While Holden had opined that, of all the four Beatles, Harrison had inherited "the most precious" legacy – namely, "the spiritual aura that the group accumulated, beginning with the White Album"[1] – other reviewers objected to the overt religiosity of Living in the Material World.[157][158] This was particularly so in Britain,[101][129] where by summer 1973, author Bob Woffinden later wrote, "the Beatle bubble had undoubtedly burst" and for each of the former bandmates, his individual "pedestal" was now "an exposed, rather than a comfortable, place to be".[159]

It’s also breathtakingly unoriginal and – lyrically at least – turgid, repetitive and so damn holy I could scream.[160]

Tony Tyler, reviewing the album for NME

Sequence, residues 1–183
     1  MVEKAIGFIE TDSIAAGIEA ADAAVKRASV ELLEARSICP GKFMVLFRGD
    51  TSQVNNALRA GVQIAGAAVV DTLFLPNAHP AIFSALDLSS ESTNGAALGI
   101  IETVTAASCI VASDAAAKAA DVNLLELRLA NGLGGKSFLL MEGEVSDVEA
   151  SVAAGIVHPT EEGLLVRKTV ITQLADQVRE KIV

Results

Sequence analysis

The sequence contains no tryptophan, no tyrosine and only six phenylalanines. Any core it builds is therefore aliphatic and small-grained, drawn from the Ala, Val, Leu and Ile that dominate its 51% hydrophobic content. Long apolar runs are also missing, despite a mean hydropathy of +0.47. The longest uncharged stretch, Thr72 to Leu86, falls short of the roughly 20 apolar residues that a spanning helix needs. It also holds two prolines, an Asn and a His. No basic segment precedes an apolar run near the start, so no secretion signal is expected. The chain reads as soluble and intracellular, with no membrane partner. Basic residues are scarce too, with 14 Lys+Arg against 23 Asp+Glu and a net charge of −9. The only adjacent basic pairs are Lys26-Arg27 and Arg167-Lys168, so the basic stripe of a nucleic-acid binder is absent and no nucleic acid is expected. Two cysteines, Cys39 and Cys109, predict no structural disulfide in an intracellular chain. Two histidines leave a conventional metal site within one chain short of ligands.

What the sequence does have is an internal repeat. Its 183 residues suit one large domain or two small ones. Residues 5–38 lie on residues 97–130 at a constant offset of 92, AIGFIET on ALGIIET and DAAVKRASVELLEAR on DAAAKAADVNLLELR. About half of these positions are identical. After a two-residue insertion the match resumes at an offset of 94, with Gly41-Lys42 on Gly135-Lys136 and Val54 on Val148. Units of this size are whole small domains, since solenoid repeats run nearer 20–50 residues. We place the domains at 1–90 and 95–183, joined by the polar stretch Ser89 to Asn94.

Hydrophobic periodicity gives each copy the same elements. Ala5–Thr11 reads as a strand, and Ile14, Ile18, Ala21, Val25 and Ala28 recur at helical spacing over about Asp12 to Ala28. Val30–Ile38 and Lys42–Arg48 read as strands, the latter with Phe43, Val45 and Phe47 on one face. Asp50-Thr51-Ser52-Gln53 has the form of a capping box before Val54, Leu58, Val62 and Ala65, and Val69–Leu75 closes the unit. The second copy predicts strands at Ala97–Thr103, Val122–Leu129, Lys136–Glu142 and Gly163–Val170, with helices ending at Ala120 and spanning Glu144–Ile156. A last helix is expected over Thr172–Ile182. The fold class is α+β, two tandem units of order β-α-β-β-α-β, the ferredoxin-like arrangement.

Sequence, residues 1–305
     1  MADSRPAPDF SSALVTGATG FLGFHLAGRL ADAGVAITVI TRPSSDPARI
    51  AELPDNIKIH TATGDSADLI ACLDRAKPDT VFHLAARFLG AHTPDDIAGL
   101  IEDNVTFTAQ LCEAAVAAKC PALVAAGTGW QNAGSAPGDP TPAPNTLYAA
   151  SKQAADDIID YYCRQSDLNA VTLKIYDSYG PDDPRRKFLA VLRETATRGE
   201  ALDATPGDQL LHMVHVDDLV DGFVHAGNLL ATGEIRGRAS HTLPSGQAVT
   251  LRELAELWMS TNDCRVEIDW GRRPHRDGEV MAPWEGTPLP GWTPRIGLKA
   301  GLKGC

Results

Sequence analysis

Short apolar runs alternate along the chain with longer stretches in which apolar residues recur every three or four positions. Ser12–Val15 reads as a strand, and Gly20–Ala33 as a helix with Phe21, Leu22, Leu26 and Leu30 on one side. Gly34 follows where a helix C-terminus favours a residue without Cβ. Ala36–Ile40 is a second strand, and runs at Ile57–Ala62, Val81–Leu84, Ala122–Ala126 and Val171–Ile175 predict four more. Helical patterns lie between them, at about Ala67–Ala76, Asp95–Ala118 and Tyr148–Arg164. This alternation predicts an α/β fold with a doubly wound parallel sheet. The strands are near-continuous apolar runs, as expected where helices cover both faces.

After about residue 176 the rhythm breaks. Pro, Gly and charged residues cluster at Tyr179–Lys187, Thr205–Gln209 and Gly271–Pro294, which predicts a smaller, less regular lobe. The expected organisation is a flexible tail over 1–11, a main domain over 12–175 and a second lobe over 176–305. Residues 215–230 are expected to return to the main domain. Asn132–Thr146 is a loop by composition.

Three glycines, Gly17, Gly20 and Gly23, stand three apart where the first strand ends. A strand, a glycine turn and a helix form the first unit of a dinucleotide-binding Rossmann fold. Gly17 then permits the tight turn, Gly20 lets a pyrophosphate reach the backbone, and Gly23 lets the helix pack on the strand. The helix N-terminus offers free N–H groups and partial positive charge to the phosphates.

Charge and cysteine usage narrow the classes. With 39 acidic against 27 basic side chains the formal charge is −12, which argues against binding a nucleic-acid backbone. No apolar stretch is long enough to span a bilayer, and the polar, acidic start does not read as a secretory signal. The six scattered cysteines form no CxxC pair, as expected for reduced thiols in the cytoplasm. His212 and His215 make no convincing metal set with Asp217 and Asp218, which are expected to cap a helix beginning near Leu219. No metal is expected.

In the NME, Tony Tyler began his review by stating that he had long idolised Harrison as "the finest packaged object since frozen pizza", but he had changed his opinion dramatically in recent years; after the "dire, ennui-making" All Things Must Pass, Tyler continued, "the unworthiness of my heretical thoughts smote home around the time of the Bangla Desh concerts."[161] Tyler dismissed Material World with the description: "[It's] pleasant, competent, vaguely dull and inoffensive. It’s also breathtakingly unoriginal and – lyrically at least – turgid, repetitive and so damn holy I could scream."[161] The reviewer concluded: "I have no doubt whatever it'll sell like hot tracts and that George'll donate all the profits to starving Bengalis and make me feel like the cynical heel I undoubtedly am."[160][161] Robert Christgau was also unimpressed in Creem, giving the record a "C" grade and writing that "Harrison sings as if he's doing sitar impressions".[162] In their 1975 book The Beatles: An Illustrated Record, Tyler and co-author Roy Carr bemoaned Harrison's "didactically imposing said Holy Memoirs upon innocent record-collectors" and declared the album's spiritual theme "almost as offensive in its own way" as Lennon and Yoko Ono's political radicalism on Some Time in New York City (1972).[163]